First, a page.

“So you’re French.”
I nodded to show I understood.
“You know it?”
“I’ve read Maupassant.”
He turned to look at me.
“How do you picture it?”
I thought for a moment.
“Beautiful. Rather melancholy.”
“It’s changed since Maupassant’s day.”
“I suppose it has. Like Sokcho.”
Another nod to a giant of belles lettres is the review of Marcel Proust’s Letters to His Neighbor, where words have the power transform the interior of a home:
you, with your pictorial and sunlit words, have brought color and light into my closed room . . . I know nothing of the sun but what your letter tells me. It has thus been a blessed messenger, and contrary to the proverb, this single swallow has made for me an entire spring.
Equally poetic is the prose of Jérôme Orsoni in “The Windowpanes”, where a writer decides to put his sentences not on paper but on the windows of his house. Suddenly readers are invited into the surprising and enchanting experience of inhabiting sentences as they see text unfold from the inside of a house:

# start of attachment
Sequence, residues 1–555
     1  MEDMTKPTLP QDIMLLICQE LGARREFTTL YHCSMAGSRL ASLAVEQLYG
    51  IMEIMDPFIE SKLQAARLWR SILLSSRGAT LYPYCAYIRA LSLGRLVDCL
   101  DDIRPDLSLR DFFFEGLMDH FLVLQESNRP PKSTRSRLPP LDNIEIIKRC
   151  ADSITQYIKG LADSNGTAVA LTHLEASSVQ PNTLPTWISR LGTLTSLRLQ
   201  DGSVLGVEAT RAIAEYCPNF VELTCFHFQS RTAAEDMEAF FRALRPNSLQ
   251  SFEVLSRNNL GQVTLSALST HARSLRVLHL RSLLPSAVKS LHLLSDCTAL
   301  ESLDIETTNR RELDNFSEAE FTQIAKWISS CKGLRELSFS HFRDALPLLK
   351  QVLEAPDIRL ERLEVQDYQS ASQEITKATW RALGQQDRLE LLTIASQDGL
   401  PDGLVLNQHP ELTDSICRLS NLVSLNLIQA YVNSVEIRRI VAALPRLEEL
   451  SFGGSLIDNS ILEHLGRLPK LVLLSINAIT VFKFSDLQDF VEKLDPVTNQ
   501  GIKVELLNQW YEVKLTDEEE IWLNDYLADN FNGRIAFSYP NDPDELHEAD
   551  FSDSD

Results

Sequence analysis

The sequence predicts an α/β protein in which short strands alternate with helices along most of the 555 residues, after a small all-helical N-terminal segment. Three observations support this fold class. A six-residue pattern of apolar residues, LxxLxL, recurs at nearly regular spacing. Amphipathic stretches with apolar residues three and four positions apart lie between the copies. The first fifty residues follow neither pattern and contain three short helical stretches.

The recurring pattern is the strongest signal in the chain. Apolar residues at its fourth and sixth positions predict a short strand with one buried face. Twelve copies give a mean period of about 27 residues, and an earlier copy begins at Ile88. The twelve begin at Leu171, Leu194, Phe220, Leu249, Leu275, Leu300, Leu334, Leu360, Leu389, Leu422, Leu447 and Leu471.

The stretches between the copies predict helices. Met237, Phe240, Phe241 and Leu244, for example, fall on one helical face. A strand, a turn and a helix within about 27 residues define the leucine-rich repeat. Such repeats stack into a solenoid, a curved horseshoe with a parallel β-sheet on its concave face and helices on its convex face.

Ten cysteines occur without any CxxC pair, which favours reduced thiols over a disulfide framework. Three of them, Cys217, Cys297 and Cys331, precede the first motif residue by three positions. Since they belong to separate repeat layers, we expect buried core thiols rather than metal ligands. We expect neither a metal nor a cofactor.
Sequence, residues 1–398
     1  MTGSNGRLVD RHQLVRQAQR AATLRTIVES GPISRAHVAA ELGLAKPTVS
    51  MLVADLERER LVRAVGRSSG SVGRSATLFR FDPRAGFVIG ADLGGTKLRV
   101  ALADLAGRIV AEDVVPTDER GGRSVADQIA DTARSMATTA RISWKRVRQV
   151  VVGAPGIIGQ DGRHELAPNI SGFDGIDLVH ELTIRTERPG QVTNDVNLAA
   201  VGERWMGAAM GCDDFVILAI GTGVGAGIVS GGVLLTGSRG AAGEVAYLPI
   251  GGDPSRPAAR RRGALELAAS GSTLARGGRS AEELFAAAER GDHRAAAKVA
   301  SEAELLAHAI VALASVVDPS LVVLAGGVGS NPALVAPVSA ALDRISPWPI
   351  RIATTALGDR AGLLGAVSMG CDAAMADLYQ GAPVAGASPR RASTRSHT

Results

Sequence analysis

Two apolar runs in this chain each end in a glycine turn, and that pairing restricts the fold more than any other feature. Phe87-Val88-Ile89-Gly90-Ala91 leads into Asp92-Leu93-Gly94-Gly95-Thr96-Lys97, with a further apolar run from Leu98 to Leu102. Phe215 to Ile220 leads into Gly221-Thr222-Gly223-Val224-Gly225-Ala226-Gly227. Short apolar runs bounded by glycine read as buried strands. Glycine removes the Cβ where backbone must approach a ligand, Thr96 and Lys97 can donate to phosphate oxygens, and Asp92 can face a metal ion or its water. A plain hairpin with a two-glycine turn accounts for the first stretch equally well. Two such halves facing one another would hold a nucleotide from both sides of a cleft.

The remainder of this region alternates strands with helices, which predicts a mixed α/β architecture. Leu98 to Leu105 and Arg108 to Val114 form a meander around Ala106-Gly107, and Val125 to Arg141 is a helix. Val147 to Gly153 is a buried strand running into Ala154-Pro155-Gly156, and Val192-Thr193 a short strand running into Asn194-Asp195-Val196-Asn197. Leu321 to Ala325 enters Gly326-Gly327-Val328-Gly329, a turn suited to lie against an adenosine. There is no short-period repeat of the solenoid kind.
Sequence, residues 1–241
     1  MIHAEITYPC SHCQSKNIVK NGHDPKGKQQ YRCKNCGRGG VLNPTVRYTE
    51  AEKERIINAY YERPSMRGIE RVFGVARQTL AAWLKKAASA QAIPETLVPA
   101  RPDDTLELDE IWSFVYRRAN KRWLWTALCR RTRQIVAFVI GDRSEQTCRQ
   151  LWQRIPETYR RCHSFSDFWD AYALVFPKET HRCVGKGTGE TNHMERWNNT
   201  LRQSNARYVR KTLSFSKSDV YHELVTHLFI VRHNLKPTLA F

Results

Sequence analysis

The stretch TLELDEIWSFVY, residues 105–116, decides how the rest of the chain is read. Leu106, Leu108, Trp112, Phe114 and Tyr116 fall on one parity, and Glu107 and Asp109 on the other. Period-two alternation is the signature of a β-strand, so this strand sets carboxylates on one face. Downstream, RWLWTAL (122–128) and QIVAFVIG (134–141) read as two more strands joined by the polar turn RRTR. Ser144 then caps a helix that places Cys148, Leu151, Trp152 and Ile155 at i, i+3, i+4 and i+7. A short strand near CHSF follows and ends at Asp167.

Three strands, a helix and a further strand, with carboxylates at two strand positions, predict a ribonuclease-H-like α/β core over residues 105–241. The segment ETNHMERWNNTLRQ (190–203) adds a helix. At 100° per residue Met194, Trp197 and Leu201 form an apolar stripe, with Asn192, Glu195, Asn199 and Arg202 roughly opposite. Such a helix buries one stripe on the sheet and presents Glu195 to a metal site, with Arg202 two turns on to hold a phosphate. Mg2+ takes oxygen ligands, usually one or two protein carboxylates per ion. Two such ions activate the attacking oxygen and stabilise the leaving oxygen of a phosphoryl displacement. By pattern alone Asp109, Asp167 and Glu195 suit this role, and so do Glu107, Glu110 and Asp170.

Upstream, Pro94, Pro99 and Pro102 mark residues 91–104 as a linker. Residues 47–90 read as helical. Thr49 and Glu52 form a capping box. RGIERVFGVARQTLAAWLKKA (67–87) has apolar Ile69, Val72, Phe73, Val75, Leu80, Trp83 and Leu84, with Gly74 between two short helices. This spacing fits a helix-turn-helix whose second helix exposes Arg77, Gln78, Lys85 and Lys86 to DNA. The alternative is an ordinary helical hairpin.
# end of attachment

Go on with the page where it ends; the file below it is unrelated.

Once I had written a little, I left it to dry overnight to see which of the two products would do a better job of erasing my prose in the morning. We tend to forget that literature has to be left to dry. We appreciate it better once it is properly dry, especially as we are able to make it disappear.
And just when I thought I had left the realm of francophone literature, I clicked on Mohammad Tolouei’s “Someone Without Peers”, a piece of Iranian literature that pays tribute to Alexandre Dumas and his novel Joseph Balsamo. The main character recalls: